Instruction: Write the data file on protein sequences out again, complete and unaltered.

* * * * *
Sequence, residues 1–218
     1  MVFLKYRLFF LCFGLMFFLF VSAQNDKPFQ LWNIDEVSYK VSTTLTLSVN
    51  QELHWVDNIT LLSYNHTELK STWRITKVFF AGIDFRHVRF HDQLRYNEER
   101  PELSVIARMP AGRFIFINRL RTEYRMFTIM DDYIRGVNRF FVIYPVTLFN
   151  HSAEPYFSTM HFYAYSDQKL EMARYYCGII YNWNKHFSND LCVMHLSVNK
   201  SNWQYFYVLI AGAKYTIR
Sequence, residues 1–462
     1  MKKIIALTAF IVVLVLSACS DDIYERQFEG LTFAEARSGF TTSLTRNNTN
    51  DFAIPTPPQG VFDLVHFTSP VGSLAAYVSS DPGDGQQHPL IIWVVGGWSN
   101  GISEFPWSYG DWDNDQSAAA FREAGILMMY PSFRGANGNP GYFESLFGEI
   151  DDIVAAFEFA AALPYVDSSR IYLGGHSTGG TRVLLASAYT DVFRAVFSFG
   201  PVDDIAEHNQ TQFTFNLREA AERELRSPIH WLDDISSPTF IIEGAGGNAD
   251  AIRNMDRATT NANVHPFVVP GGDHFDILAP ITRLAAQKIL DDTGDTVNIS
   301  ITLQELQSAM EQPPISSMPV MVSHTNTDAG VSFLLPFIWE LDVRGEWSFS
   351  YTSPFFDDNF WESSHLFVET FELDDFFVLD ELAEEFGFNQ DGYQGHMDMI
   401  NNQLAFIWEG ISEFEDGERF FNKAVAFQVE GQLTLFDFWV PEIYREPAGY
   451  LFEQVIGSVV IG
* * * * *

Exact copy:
Sequence, residues 1–218
     1  MVFLKYRLFF LCFGLMFFLF VSAQNDKPFQ LWNIDEVSYK VSTTLTLSVN
    51  QELHWVDNIT LLSYNHTELK STWRITKVFF AGIDFRHVRF HDQLRYNEER
   101  PELSVIARMP AGRFIFINRL RTEYRMFTIM DDYIRGVNRF FVIYPVTLFN
   151  HSAEPYFSTM HFYAYSDQKL EMARYYCGII YNWNKHFSND LCVMHLSVNK
   201  SNWQYFYVLI AGAKYTIR
Sequence, residues 1–462
     1  MKKIIALTAF IVVLVLSACS DDIYERQFEG LTFAEARSGF TTSLTRNNTN
    51  DFAIPTPPQG VFDLVHFTSP VGSLAAYVSS DPGDGQQHPL IIWVVGGWSN
   101  GISEFPWSYG DWDNDQSAAA FREAGILMMY PSFRGANGNP GYFESLFGEI
   151  DDIVAAFEFA AALPYVDSSR IYLGGHSTGG TRVLLASAYT DVFRAVFSFG
   201  PVDDIAEHNQ TQFTFNLREA AERELRSPIH WLDDISSPTF IIEGAGGNAD
   251  AIRNMDRATT NANVHPFVVP GGDHFDILAP ITRLAAQKIL DDTGDTVNIS
   301  ITLQELQSAM EQPPISSMPV MVSHTNTDAG VSFLLPFIWE LDVRGEWSFS
   351  YTSPFFDDNF WESSHLFVET FELDDFFVLD ELAEEFGFNQ DGYQGHMDMI
   401  NNQLAFIWEG ISEFEDGERF FNKAVAFQVE GQLTLFDFWV PEIYREPAGY
   451  LFEQVIGSVV IG